Even experts can be wrong

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psychiatrist

Psychology—the study of the mind and human behaviour—is fascinating. Knowing how it works is the closest you can get to activating gameplay’s God mode, in real life. Psychiatry—the medical study of mental disorders—is, I think, a bit hit-and-miss.

Mostly miss.

I had a psychiatric assessment four years ago. Before my second child was born. (In New Zealand it’s a required hoop to jump through, to get maternal request cesarean surgery.)

It didn’t go how I imagined. This could have been because construction was going on next door, so personal sharing was perforated by hammer bangs and mechanical saw screeches. It could have been because the psychiatrist didn’t actually have a couch. Or it could have been because at the end of it all, he certified me a compassionless android. (Except, in psych-speak.)

He’d written in doctor-scrawl across a notepad throughout the session, but I hadn’t been curious about what it was, at the time. After all, I didn’t need to know what was being said. I was there. I already knew.

I was more intrigued by his jersey.

It said ‘Scott Base’ on it, but though it was woollen and collared, it didn’t look even close to warm enough for Scott Base. Did the Antarctic research facility have a fashion line outside of their own required and serviceable attire? That would be weird. And completely unnecessary. Unless they needed extra income. How much funding do they get? How much funding does public psychiatry get? Who’s paying for this meeting? Why isn’t this guy asking me about my relationship with my mother? Aren’t they supposed to do that? Why doesn’t he have a couch? Is it professional to wear a Scott Base jersey to work? I wonder where he got it. Has he been to Scott Base? Maybe, because he’s the boss, he can wear whatever he wants. If I had a souvenir from Scott Base, I’d wear it to work, too…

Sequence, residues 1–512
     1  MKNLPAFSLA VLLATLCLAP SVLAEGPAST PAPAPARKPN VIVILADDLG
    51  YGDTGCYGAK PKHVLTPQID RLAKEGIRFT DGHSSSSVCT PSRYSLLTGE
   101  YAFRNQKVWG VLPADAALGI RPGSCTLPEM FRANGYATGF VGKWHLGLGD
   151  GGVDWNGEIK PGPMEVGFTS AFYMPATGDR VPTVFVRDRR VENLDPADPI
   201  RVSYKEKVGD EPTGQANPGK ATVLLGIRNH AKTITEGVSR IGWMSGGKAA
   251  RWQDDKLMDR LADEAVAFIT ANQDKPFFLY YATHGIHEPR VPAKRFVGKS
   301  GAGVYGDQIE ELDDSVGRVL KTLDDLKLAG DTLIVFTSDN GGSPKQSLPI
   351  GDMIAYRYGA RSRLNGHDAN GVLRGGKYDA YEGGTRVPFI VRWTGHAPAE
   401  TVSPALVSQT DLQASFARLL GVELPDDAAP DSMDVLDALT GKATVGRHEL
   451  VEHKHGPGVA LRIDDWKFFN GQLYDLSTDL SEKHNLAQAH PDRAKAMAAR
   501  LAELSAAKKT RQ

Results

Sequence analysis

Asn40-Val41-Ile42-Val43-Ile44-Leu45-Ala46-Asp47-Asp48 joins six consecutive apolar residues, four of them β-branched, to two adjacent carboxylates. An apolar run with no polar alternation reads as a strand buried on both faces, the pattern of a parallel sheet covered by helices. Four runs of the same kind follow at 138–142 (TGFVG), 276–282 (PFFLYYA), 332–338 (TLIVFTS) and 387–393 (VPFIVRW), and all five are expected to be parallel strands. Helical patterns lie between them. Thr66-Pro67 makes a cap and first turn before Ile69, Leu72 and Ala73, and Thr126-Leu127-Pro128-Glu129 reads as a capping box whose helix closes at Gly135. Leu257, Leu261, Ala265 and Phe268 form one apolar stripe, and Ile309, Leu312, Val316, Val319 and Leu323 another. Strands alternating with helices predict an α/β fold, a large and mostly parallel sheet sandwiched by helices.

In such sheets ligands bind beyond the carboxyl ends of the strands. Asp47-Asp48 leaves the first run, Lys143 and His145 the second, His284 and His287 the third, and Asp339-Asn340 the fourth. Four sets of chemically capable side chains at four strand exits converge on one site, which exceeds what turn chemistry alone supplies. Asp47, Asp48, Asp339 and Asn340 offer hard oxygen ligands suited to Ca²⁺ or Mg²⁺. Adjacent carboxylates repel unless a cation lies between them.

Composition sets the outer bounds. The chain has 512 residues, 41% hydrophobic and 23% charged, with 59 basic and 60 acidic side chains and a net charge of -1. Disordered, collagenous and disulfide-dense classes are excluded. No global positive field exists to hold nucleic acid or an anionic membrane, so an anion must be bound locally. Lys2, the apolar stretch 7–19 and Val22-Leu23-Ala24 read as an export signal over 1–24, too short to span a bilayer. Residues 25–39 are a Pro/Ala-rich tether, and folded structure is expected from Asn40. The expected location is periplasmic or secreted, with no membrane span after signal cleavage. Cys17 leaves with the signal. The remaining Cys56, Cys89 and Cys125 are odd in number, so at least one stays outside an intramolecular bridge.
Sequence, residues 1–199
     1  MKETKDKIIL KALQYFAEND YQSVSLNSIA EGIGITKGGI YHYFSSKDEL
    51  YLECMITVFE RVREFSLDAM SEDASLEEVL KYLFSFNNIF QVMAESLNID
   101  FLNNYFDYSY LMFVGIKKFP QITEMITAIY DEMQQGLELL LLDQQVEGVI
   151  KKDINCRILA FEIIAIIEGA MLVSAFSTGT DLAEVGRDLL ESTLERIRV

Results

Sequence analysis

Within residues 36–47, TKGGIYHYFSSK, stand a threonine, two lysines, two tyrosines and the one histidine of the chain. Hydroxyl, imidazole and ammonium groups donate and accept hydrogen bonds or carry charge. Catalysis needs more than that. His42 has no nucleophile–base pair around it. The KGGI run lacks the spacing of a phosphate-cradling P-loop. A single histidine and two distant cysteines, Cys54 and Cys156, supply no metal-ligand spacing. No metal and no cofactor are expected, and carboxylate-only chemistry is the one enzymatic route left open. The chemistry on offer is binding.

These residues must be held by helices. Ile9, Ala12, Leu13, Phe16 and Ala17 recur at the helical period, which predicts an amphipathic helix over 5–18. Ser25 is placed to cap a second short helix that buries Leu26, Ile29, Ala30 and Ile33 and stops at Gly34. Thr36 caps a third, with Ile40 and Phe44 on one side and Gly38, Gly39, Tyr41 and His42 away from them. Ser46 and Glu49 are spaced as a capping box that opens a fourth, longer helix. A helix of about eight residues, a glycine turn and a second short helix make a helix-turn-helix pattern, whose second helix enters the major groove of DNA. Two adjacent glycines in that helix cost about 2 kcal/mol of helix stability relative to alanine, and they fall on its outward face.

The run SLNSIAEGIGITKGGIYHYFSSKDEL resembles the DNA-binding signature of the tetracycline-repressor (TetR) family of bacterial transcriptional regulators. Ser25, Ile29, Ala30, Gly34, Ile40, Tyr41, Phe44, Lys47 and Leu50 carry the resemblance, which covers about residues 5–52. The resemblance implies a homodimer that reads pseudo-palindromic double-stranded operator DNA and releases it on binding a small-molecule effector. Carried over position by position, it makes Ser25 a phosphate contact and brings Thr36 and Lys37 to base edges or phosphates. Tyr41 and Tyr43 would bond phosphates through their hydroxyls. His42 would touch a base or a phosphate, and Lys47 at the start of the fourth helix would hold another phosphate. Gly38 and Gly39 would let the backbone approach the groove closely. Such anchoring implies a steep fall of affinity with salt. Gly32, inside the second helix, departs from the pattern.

He did eventually ask about my relationship with my mother, but only after I’d asked him why he hadn’t yet. And he apologized for not having a couch, when I brought that up too. I wondered at his apparent inability to distinguish between a complaint and a mere observation—I didn’t require him to ask the childhood questions, and I’d only stated the room didn’t look how I’d imagined—but I put his apology down to some quaint social grace. The sort of thing people just do, even though it makes no sense when examined closely.

His report concludes that all my life I’ve been “suffering from autistic spectrum disorder,” and that my personality “will severely affect her ability to bond with her child and potentially have a very negative subsequent effect on the child’s development.” He adds, “I really don’t think that she has the natural capacity to develop normal attachments,” but concedes I could “probably learn, in an artificial way, how to interact with her child.”

I think his verdicts have the very negative subsequent effect of being daft. I can see how he reached his conclusions, but they’re still wrong—it seems to me, he took normal facets of INTJ-ness and read them as abnormalities.